Illegitimate children expose illicit relations

August 30, 2011

Researching Lucy has given me an opportunity to learn many, many things about our history, including the court’s attitude toward illegitimate children in the early 1900s.   The following came from the Superior Court of California (County of Humboldt) probate record for Charles Mulberg (Lucy’s son) , who died “on or about March 23, 1928″.

Inheritance in all other cases is eliminated on account of public policy founded upon a moral reason.  If every illegitimate child could claim inheritance from his brothers and sisters, public scandal would be placed upon the head of many otherwise decent and respectable citizens.  The legislature therefore evidently considered it a better policy to lessen public scandal and deny inheritance to an illegitimate, than to throw open the doors of public scandal and gossip, subject many persons to questionable ridicule and permit an illegitimate to expose the  illicit relations of his or her ancestors, merely for the purpose of sharing the estate of his parent’s kindred.   It therefore left the right of inheritance of an illegitimate to these cases where the parents themselves had exposed such illicit relations by admitting parentage. …

 Sucks for the poor bastards (literally) whose parents didn’t want to claim them.

Now the Probate Record, which revealed much about Lucy and her children

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Founding of the Klamath (now Yurok) Indian Reservation, 1855

August 28, 2011
   

Klamath Modoc Indians, 1860

  
Hello everyone,
To those who enjoy regular posts I must apologize.  Work and … life have gotten the better of me lately.  Hopefully I’ll get back into regular postings.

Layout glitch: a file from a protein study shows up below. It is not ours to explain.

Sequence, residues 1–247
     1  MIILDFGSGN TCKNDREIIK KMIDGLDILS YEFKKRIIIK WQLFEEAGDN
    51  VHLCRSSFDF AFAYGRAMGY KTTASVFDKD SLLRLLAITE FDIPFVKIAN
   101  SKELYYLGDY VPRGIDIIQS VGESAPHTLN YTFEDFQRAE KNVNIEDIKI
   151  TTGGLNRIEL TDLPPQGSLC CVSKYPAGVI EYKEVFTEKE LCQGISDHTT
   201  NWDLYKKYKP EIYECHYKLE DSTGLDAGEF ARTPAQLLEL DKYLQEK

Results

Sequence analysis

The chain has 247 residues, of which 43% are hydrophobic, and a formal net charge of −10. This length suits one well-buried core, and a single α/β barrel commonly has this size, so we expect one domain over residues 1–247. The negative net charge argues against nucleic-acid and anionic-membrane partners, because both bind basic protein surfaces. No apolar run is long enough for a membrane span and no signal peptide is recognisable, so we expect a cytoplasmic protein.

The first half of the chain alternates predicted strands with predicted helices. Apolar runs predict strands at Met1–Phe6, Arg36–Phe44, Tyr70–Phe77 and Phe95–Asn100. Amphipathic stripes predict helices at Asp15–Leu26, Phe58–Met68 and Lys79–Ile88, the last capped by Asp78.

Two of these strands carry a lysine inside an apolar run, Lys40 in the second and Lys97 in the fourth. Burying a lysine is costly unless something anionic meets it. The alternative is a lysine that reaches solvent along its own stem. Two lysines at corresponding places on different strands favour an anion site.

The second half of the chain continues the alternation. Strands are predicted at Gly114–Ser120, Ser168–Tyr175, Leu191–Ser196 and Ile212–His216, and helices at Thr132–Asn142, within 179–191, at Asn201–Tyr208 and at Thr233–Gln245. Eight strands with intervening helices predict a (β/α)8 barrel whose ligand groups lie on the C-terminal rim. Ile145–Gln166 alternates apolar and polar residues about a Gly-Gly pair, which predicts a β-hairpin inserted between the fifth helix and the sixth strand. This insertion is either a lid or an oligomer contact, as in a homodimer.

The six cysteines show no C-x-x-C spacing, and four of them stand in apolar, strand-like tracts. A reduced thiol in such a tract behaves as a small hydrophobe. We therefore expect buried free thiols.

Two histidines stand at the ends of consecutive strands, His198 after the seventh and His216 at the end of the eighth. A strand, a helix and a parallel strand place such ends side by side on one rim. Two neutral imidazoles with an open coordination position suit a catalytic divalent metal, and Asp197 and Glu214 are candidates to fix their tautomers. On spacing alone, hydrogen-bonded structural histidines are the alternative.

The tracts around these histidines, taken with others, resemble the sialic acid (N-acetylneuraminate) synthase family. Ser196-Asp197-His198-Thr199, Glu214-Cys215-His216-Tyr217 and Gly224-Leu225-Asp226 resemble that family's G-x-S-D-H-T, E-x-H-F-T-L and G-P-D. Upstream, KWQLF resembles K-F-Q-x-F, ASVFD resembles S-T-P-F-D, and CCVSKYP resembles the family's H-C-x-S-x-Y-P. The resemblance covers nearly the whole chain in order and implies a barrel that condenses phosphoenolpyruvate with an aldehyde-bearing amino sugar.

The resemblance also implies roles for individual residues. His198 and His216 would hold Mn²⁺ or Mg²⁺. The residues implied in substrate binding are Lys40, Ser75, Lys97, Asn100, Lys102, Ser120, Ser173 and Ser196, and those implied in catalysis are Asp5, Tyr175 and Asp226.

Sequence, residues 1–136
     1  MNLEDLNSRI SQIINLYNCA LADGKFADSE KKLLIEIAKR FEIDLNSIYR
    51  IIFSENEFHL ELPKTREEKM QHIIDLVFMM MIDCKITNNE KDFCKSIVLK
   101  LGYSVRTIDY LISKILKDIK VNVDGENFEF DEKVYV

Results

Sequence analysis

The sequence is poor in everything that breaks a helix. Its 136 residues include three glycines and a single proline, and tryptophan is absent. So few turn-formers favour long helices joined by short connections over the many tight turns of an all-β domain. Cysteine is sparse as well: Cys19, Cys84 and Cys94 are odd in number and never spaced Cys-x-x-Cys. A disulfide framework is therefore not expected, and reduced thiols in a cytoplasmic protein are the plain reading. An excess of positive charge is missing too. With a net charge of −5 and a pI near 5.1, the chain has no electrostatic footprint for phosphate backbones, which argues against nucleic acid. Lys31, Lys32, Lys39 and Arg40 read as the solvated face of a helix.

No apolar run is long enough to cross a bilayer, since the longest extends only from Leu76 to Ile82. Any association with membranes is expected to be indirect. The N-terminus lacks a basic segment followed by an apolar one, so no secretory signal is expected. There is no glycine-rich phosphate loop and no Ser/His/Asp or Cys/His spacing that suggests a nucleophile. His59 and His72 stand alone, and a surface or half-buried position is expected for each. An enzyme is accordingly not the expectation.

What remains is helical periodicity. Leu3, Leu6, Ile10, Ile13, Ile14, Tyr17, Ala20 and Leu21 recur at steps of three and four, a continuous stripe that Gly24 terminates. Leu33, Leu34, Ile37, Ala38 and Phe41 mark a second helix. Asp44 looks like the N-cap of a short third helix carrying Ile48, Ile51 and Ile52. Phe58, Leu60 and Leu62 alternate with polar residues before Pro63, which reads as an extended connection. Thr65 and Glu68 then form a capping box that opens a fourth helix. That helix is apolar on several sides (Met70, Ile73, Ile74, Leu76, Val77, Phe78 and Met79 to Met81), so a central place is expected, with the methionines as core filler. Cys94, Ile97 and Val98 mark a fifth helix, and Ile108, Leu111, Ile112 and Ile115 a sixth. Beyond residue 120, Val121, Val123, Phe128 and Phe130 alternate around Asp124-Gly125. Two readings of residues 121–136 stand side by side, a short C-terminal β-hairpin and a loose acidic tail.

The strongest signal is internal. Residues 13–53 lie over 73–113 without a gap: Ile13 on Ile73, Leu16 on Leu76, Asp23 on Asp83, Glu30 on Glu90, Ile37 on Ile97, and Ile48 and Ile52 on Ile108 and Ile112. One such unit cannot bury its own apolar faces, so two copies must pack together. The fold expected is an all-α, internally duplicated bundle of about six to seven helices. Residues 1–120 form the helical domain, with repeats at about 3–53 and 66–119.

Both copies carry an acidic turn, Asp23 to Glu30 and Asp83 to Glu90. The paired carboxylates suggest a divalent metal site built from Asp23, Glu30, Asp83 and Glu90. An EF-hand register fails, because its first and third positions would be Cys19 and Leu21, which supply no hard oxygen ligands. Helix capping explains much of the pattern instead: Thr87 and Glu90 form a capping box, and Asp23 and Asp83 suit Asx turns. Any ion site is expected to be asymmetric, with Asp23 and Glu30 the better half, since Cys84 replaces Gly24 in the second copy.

I do want to keep on the thread/topic of Lucy and plan to continue discussing her limited options and the dangers she and her children faced during the settlement period.  The focus of the next (this) post was going to be the risks inherant to those on reservations but… but, as often happens with me, I’ve gotten distracted.  Sort of.
Looking through my notes regarding reservations I found the following, which discusses the founding of the Klamath (which is now the Yurok) Indian reservation.  It may be dry reading for some, but I chose not to edit any of it.
It was very surprising …. well, Please also be sure to catch the newspaper editor’s response to the founding of the reservation which follows the letters–his perspective is very different from how reservations are viewed today.
Klamath River Reserve.

DEPARTMENT OF THE INTERIOR,
Office of Indian Affairs, November 10, 1855.

SIR: Referring to your communication of the 8th of August last to the Acting Commissioner of Indian Affairs, advising him of the approval by the President of the United States of the recommendation of the Department that it was expedient to expend the money appropriated on the 3rd of March last for removing the Indians in California to two additional military reservations, I have the honor now to make the following report:

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Killing babies should haunt you forever

August 5, 2011

Continued from Previous Post

Indian children faced risks when living in white households as servants, but staying in villages with their families was even more dangerous.

The other day  I went wandering (in my car, so not as primitive as it sounds, but still pretty great) onto the Wildcat and into Petrolia  ( a tiny northern California coastal town for those who are unfamiliar), where I found the Pioneer Cemetery.

I really had little thought of posts for my blog until after I’d followed a road,

Road to Petrolia Cemetery

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